COMMENT: Analyst's Corner
SOA Means BusinessBy David Baum
Service-oriented architecture delivers the technology that businesses want.
Oracle Magazine spoke with Chris Haddad, vice president of Applications Platform Strategies at Burton Group, about how to make headway with service-oriented architecture (SOA).
Oracle Magazine: How do you define success in the context of SOA?
Haddad: Many people will say they want to achieve greater agility, reduce time to market, and minimize costs. But those goals apply to any IT project. I consider SOA projects successful when services are shared and reused, software assets are consolidated and provide redundant capabilities, and projects conform to common standards. Tangible success metrics provide small steps required to realize bigger goals.
Oracle Magazine: What's the best way to adopt SOA with minimal disruption?
Haddad: Have clear adoption strategies. You want to identify gaps in your software development lifecycle and create an environment that fosters collaboration and trust. Some companies decide they need to improve their operations-management capabilities so services will be reliable, available, and secure enough to be shared across teams. Others decide to upgrade their change-management processes. In any case, you need a consensus about how to describe services. Most companies start small by creating a single service and sharing it with a specific community.
Oracle Magazine: What happens as these SOA implementations gain momentum?
Haddad: Far-seeing organizations begin to take inventory of all their software assets, services, and application frameworks. This allows them to create a shared infrastructure of business functions, to migrate their applications to these common functions, and to create "event awareness" within their IT architectures so they can monitor business processes and data changes.
Oracle Magazine: How do development projects create reusable software assets?
Haddad: You can't reuse a service capability unless you understand what the service will provide to your project, so business and technical users need to jointly define entities that underpin their business processes. For example, in the financial services market, you need a universal definition of an account object. Once you reach agreement, you can bring commonality to all applications that access these objects, and you can promote reuse because the data elements consumed by the applications are built into the service. Every well-designed service is a pragmatic step toward achieving these goals.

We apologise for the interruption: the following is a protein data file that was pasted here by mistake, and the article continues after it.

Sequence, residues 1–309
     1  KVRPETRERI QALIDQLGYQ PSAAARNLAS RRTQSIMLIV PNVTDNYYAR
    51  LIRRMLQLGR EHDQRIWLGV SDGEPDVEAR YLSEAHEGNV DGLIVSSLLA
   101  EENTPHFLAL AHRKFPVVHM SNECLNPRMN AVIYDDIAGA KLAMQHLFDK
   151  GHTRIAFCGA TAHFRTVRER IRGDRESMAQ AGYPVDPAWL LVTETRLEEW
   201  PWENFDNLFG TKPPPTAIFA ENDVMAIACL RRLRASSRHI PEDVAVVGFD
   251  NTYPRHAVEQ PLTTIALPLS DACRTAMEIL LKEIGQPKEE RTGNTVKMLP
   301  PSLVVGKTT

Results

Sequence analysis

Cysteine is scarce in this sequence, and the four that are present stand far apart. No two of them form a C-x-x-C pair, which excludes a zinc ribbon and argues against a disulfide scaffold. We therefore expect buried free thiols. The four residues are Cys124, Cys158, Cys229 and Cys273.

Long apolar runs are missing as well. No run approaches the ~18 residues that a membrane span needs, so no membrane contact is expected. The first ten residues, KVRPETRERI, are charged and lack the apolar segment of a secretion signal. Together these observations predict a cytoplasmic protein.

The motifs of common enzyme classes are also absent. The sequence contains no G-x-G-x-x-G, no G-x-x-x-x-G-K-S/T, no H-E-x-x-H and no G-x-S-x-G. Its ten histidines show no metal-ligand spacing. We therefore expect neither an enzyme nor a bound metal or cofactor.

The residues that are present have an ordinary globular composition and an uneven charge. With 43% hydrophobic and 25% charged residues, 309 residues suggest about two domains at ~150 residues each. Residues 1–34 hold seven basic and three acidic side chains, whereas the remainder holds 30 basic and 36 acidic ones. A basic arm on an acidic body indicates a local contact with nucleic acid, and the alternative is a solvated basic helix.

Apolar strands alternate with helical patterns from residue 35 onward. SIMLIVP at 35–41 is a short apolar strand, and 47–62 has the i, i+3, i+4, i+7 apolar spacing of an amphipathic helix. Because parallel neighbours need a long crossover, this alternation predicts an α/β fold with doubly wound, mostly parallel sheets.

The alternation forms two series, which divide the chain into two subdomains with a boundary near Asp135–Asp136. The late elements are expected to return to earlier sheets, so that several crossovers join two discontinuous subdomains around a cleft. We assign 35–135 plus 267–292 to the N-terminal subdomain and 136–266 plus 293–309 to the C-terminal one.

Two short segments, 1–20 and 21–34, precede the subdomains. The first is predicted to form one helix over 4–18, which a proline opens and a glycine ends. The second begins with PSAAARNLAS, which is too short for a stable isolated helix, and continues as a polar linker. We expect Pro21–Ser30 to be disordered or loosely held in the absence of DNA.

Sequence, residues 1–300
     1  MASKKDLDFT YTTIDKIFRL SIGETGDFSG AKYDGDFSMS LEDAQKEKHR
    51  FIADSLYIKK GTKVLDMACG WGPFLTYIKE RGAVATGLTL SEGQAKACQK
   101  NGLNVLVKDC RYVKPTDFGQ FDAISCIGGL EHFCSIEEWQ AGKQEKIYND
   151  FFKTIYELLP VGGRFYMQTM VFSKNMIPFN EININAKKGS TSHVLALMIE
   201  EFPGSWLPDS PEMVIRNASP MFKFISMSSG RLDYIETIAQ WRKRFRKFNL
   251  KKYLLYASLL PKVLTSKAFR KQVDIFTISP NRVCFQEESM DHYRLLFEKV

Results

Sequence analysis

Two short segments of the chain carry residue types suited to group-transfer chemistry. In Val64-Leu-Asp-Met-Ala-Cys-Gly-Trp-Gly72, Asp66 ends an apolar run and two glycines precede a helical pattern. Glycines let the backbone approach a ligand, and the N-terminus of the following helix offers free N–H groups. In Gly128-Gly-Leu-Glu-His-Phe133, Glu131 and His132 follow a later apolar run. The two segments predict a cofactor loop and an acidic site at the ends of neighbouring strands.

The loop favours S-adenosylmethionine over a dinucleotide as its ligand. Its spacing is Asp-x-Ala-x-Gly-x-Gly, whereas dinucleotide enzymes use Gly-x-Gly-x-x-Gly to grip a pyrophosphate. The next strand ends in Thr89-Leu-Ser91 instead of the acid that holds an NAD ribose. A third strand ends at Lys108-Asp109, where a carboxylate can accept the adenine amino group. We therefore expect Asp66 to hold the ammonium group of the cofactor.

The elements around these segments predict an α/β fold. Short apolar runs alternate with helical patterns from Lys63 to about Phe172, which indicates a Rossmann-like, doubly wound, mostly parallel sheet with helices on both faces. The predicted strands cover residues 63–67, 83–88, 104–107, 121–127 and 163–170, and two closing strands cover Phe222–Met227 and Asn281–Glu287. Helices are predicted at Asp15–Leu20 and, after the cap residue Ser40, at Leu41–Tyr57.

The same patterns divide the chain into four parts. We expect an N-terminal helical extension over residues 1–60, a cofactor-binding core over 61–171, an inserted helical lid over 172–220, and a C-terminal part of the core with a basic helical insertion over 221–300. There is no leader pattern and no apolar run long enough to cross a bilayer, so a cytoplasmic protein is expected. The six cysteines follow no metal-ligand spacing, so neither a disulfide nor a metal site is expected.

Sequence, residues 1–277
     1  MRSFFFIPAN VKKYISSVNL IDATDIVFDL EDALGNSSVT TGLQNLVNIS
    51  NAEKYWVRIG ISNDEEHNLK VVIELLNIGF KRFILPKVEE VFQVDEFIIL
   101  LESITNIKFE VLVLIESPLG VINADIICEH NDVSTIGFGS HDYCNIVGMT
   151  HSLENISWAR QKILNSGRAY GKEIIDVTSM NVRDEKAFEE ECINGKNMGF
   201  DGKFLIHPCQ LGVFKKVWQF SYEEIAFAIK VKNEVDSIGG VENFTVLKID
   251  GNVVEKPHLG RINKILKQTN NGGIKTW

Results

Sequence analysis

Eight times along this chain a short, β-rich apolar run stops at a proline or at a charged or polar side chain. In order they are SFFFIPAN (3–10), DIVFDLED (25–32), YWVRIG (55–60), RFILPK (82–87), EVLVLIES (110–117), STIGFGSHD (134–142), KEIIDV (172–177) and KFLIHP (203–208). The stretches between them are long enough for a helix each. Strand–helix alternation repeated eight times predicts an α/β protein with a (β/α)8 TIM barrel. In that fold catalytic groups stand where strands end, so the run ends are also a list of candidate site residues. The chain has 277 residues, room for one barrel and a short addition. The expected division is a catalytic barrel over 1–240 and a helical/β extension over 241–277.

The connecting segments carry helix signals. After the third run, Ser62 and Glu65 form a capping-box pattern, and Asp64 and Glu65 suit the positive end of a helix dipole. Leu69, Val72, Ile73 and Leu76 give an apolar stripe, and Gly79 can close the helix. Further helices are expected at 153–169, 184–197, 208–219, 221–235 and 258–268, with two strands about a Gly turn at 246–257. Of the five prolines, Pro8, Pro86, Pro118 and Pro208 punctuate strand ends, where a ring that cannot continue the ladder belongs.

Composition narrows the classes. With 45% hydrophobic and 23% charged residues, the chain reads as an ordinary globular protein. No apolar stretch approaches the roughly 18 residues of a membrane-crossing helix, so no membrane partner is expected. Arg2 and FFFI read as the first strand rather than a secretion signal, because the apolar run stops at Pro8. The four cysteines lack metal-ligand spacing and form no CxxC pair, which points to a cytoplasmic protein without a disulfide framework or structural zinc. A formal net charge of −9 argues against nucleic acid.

Oracle Magazine: What's the relationship of business process management to SOA?
Haddad: Business process management provides a way for discussing business needs and service capabilities. It forces businesspeople and IT people to devise a shared language, so they can align their IT systems with the business processes they want to execute. Business Process Execution Language [BPEL] lets you describe business goals technically; tools such as Oracle BPEL Process Manager help you define and orchestrate services and then expose them as discrete building blocks. As you develop a holistic picture of your IT capabilities, you can weave new and old functions into a unified portfolio and align your information systems with how people want to work.
Oracle Magazine: What's a good example?
Haddad: Suppose your organization wants to revamp its call center systems. SOA creates interfaces to the applications and data repositories, so you can simplify the way people interact with these systems and streamline the tasks that they need to perform. BPEL helps you describe the necessary business services and implement them according to your model of where the business is going.
Oracle Magazine: How can SOA affect other business initiatives?
Haddad: For example, SOA can affect business intelligence [BI], which is all about gaining visibility into business performance, metrics, and trends. BI requires links to data repositories, analytics, reports, and data visualization tools. SOA serves as a catalyst for connecting these entities and normalizing the semantic data representations. The first step is to implement mediation agents that can monitor messages and event streams and generate alerts that feed real-time dashboards or event processor engines. Developers want to take their dashboards and hook them up to this new runtime infrastructure, which supports publication and consumption of services. This is much more efficient than building point-to-point connections between event publishers, processing engines, and information consumers.
David Baum (email@example.com) is a freelance business writer based in Santa Barbara, California.
Burton Group is a technical research and advisory group focusing on service-oriented architecture and other topics.